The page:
FG: I’d gone into broadcasting while I was still playing. I was doing nightly news shows, reading prompter, and even on a few occasions sitting in for guys like [CBS news anchor] Bob Trout, one of the finest newscasters in the history of television. We worked as a team, so it wasn’t that I was inexperienced. I think most of the guys who go into broadcasting as color guys have never had the experience, professionally, of getting a countdown to commercial where you have to hit it exactly because you’re going national with it, but that was something I did on a routine basis almost every night. So it wasn’t that difficult for me to make that transition, whereas it would be for just a player walking off a football field. That player would be knowledgeable about the game of football—much more knowledgeable than the people he was talking to—but he wouldn’t necessarily be able to handle the intricacies of what goes on in the booth. How you get into commercials, how you get out. You’ve got a guy talking in your ear counting down, 10, 9, 8, 7 while you’re wrapping up a piece of action on the field, trying to end your call on the count of 1. But I had that background, and I had done it for many years.
MW: How would you characterize your relationship with novelist Fred Exley?
FG: [Laughter] Oh, wow. I remember someone telling me, “there’s this guy named Fred Exley who’s written a book about you.” And it was really bizarre, but that’s how I met him. I got this phone call. He turned out to me quite a guy. Tragically. He had all kinds of multiple problems, I guess. You hear about somebody writing a book and then you read the book and it’s like, what the hell? This guy’s been living with me! [Laughter] But I came to know him and admire him—he had a really brilliant talent—but he had multiple weaknesses, and I think that showed up a lot later on.
MW: Did you ever drink with him?
FG: I don’t really recall that, and if I did [drink with him] I bet I probably would.
MW: But you two became friends over time?
FG: We’d talk back and forth. I mean, he’d call me just out of the middle of nowhere. Sometimes he’d call and it’d be 3 or 4 in the morning or something in L.A. and I’d think, it’s late here, where the hell is he? [Laughter]
MW: I’ve always wanted to know what you thought of that book.
FG: I was amazed when I read it. I mean, the guy had been shadowing me and I had no idea. It’s kind of an eerie feeling when you think about it.
MW: Scary, even. I might have been a little bit afraid.
FG: Well, yeah. Because you never know. I’d probably be more concerned today than I was then because there weren’t as many kooks around. But later I really came to know him and he was really a wonderful person.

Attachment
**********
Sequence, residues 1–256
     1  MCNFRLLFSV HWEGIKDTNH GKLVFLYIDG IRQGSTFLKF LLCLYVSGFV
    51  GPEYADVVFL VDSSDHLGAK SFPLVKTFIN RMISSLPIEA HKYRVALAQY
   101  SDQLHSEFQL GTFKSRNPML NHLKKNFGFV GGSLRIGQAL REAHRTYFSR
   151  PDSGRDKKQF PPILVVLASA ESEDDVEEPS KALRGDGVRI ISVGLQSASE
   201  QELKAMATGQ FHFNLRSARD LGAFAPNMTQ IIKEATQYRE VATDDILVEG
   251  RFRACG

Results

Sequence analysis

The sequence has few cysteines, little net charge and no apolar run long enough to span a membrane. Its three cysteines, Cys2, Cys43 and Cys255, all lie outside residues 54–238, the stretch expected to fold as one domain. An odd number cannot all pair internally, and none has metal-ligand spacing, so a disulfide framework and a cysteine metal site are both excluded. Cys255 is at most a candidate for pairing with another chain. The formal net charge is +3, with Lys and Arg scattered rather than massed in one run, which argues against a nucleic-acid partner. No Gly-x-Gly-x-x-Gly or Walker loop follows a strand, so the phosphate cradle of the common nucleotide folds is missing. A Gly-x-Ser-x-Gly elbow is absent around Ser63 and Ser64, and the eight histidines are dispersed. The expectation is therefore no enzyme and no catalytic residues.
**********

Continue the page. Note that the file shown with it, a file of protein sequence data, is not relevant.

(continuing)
|The Concourse Plaza Hotel|
FG: You have to realize that we weren’t making the kind of money the players are making today. Some of those guys could buy the Concourse Plaza Hotel today [Editor’s note: The hotel is now a senior citizens home owned and operated by the City of New York]. When I was living there—I don’t recall exactly when it was, the mid-to-late fifties—I was only making fifteen, eighteen, up to twenty thousand dollars a season at most. And the Concourse Plaza Hotel was very expensive, even then. Prior to that, my first few seasons, I couldn’t even afford to live there. I lived downtown on the West side, at 100th and Broadway. And when I finally got a raise I decided it’d be a lot easier to be at the Concourse Plaza. You could get on a subway, because we used to like to come downtown a lot. That was before I was doing any broadcasting and the subway was right there between Yankee Stadium and the hotel. They were only like 3 blocks apart, and you could just go downstairs out of the lobby of the hotel and walk a short ways and get on the subway. It was elevated there at the time and went underground in Harlem. The Concourse Plaza was a wonderful place. We had a lot of friends there and we’d get together with them after a game and decide whose apartments it’d be. The better I did the better apartment I could have [Laughter]. I ended up hosting a lot of parties.
MW: Last but not least, do you have any advice for young athletes today?
FG: Oh, boy, I tell you. There’s so much pressure today from so many different sources. But first I think you just have to commit yourself to being the best you can be and not try to take shortcuts, as some people would like you to do and you might be tempted to do. I think the thing that really helped me was that I worked so hard in the offseason—I’d say almost as hard as I did during the season, when we were playing. And that enabled me to stay in great shape year round. If you’re going to play football professionally it takes a total commitment. It can’t be halfway. In professional football, especially today, I mean these guys are so good that if you’re going to play the game and decide that’s what you’re going to do, your commitment’s got to be one hundred percent.